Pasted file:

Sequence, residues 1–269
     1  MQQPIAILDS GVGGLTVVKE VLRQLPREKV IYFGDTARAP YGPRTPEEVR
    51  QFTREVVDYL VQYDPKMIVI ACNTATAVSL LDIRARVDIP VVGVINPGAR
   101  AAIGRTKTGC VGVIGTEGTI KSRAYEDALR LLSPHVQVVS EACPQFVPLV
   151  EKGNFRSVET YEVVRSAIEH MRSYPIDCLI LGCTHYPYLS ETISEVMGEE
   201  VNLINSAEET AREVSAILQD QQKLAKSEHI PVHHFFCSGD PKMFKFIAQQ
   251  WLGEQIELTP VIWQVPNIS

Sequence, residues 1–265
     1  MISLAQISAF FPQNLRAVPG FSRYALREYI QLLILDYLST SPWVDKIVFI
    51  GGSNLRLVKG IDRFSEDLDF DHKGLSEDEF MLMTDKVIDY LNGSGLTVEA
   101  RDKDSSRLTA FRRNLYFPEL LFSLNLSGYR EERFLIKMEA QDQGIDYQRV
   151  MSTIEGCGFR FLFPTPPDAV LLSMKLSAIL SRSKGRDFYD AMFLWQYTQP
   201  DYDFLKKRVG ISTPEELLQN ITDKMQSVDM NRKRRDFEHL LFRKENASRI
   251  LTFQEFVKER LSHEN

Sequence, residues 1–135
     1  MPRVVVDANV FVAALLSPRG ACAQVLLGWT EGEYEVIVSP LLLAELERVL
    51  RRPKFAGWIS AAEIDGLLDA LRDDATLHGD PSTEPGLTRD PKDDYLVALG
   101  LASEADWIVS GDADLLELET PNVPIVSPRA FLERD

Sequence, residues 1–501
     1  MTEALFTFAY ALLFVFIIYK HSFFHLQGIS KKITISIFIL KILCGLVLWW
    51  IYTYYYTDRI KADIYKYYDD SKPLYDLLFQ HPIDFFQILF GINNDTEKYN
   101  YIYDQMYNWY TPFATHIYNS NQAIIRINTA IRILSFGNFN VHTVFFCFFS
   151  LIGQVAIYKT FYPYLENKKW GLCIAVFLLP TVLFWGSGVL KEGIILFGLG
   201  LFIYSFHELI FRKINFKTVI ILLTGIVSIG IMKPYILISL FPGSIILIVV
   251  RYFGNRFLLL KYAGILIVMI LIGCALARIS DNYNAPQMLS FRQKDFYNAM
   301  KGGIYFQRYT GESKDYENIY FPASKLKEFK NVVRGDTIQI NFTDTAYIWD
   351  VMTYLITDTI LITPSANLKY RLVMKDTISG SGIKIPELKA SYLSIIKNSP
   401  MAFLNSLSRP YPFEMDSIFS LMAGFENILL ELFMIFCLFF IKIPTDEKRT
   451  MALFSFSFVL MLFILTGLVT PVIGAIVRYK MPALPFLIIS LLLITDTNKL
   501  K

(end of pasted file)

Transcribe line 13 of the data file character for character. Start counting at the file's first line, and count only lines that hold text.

   201  DYDFLKKRVG ISTPEELLQN ITDKMQSVDM NRKRRDFEHL LFRKENASRI